Replacing New Year’s Resolutions with #OneSmallChange
Can we go from infertile to fertile? Can we go from being babyless to babyful? (I just made that one up, I kind of like it though.)
We are capable of making changes. We grow. We learn things. We make changes.
We are capable of changes. Rationally, we know this. We even see this. We also see patterns, where change feels almost or even impossible. Where despite any strong resolve on our part, we do it again. Whatever it is.
New Year’s is the time for resolutions. We tend to make large, sweeping promises to ourselves. Sometimes to others, but mainly to ourselves.
Types of New Year's Resolutions
New Year’s Resolutions are divided into two categories, for the most part.
1. Things we want to stop doing:
- Over indulging
- Binge watching TV
- Eating badly
- Sitting rather than walking
- Stop drinking alcohol
- Stop smoking or participating in other unhealthy practices
- Letting stress overwhelm us
- Fighting with XXXX
2. Things we want to start doing:
- Eating in a healthy way
- Enjoying our lives
- Finding new hobbies that feel good
- Seeing friends and family
And we want to do it ALL. All or nothing. Nothing in between. Stop completely or do it NOT AT ALL.
Great big, sweeping changes.
Why New Year's Resolutions Don't Stick
I belong to a gym, (best gym ever, love Phys Ed!), where I also teach yoga classes. December is deserted in the gym, between vacations and holidays. Every year, it’s empty of even our regulars. But, oh, January. It’s packed. Attendance is at an all time high for the entire year. (Redundant, I know.) Classes are completely full, even overfull. It’s the only time of the year that you may have to wait for the weight machines. I teach to people I’ve never met before while my regular students look a little stunned by the crowds. Some of the crowd become new regulars, and most fade away by January 12th. A few stick around until January 22nd. By February 3rd, at the latest, it’s all back to normal.
New Year’s Resolutions do not prove that we are capable of making changes. In fact, they prove the opposite. They are often defeating. We take on something huge and impossible to sustain. We often make the resolutions without any foundation or framework to hold them up. Often the tools we need are not sharpened or easily at hand either. We resort back to patterns that we don’t like or admire and feel hopeless.
So there we are. Making lofty promises to ourselves, with no real way of following through with them.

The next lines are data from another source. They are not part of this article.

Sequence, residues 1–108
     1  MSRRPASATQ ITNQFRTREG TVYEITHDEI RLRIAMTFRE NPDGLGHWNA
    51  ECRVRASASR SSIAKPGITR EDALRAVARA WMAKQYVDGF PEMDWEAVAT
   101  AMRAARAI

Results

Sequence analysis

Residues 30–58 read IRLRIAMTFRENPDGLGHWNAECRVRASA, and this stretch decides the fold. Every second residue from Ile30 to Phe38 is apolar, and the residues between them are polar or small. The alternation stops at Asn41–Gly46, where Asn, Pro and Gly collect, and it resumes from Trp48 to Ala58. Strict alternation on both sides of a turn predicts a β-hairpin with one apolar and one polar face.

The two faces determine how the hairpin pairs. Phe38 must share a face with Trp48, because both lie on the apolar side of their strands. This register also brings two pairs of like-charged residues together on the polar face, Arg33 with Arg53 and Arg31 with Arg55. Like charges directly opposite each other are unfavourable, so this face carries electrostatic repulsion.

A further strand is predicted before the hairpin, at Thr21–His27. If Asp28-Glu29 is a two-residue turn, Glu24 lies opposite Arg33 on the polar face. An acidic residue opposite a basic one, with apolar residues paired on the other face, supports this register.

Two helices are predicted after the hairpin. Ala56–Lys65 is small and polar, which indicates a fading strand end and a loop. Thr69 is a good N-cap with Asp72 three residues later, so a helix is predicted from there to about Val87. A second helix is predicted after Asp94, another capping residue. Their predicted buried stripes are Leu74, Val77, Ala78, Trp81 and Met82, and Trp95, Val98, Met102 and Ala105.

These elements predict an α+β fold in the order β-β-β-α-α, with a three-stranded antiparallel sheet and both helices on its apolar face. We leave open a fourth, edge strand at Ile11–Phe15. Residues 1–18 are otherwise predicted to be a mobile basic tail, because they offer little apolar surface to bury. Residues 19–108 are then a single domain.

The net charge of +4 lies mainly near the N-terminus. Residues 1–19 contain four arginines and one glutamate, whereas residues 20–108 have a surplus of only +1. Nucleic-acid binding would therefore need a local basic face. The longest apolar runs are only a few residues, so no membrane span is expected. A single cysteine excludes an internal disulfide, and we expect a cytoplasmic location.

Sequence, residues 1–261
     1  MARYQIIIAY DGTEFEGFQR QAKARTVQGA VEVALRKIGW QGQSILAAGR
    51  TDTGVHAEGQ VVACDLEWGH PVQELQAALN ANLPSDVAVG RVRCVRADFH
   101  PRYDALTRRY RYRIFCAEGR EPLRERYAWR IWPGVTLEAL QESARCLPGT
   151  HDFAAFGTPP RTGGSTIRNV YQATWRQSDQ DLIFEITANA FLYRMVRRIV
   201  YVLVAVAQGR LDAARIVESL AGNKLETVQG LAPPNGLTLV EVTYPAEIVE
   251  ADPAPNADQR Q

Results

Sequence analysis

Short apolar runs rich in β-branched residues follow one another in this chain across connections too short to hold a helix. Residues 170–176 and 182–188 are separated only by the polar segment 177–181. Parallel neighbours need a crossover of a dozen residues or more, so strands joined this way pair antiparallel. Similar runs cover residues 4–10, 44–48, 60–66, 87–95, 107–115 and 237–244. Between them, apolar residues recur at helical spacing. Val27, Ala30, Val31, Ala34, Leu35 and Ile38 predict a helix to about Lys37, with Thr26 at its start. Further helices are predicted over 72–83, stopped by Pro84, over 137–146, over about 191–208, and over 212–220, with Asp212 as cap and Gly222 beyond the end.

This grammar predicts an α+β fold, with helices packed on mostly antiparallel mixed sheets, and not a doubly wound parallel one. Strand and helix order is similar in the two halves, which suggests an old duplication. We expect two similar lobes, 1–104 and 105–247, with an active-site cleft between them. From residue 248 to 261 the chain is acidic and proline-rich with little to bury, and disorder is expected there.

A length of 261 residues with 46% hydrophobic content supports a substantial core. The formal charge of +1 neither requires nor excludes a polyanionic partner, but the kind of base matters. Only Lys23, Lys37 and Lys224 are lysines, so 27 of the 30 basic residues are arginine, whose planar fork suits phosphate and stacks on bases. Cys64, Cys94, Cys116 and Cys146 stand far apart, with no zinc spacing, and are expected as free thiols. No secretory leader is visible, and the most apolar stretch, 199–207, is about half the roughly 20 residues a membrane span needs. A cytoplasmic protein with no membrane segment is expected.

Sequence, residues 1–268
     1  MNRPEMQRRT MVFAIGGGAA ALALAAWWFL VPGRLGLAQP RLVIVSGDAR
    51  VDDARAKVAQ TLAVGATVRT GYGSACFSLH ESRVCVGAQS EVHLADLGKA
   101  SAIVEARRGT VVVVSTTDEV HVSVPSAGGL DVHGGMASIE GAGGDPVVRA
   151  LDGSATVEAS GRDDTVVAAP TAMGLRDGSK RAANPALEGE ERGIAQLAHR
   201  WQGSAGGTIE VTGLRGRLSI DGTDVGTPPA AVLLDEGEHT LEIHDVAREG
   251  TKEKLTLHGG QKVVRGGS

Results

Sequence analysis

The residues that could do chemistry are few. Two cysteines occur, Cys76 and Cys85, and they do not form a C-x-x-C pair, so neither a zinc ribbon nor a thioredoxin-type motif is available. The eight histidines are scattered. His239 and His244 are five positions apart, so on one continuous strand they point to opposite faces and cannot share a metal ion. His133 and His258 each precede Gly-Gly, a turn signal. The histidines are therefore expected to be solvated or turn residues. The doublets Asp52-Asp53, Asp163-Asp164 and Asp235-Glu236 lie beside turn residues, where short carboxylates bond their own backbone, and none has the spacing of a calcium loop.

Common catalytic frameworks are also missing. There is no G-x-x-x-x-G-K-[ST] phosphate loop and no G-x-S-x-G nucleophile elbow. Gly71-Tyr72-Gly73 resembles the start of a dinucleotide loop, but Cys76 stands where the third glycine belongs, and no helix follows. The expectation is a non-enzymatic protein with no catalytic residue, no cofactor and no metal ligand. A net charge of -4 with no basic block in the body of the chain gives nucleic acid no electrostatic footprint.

We cooked up something at Reproductive Medicine Associates of Connecticut (RMACT) to address this. Talk about big goals. We, RMACT, want to change New Year’s Resolutions. We’re on a mission. And we have a plan.
We’re calling it #OneSmallChange. Small changes do prove that we are capable of making changes.
For the month of January, we have asked the RMACT team members to give their suggestions and share their inspiration with all of us. Thank you to Carrie Van Steen for dreaming this up, complete with the details about how to spread the words of wisdom that we are collecting.
Skip Your Resolutions, Instead Make One Small Change
Here’s how we’re going to spread the word. For each day of January, we will share #OneSmallChange with you. Because that’s what we see works. We make a small change and those changes build up. A few minutes a day feels sustainable. One thing each that that we can try on, see how it fits. Manageable.
Most of us can do something for a few minutes each day. Or stop doing something for a few minutes each day. Lessen or increase. Not all or nothing.
We would love to hear one small change that makes sense to you. Is it physical? Is it adding something to your day or adding something because you’re subtracting something. Is it manageable?
Starting tomorrow! #OneSmallChange
For me? I’m going to teach a class I don’t normally teach at my beloved gym. Get in there and perhaps assist someone with their New Year’s Resolution. Maybe give them the message about one small change.
What about you? What small thing would you like to try for January 1st?
About Lisa Rosenthal
Lisa has over thirty years of experience in the fertility field. After her personal infertility journey, she felt dissatisfied with the lack of comprehensive services available to support her. She was determined to help others undergoing fertility treatment. Lisa has been with RMACT for eleven years and serves as Patient Advocate and the Strategic Content Lead.
Lisa is the teacher and founder of Fertile Yoga, a program designed to support men and women on their quest for their families through gentle movement and meditation.
Lisa’s true passion is supporting patients getting into treatment, being able to stay in treatment and staying whole and complete throughout the process. Lisa is also a Certified Grief Recovery Specialist, which is helpful in her work with fertility patients.
Her experience also includes working with RESOLVE: The National Infertility Association and The American Fertility Association (now Path2Parenthood), where she was Educational Coordinator, Conference Director and Assistant Executive Director.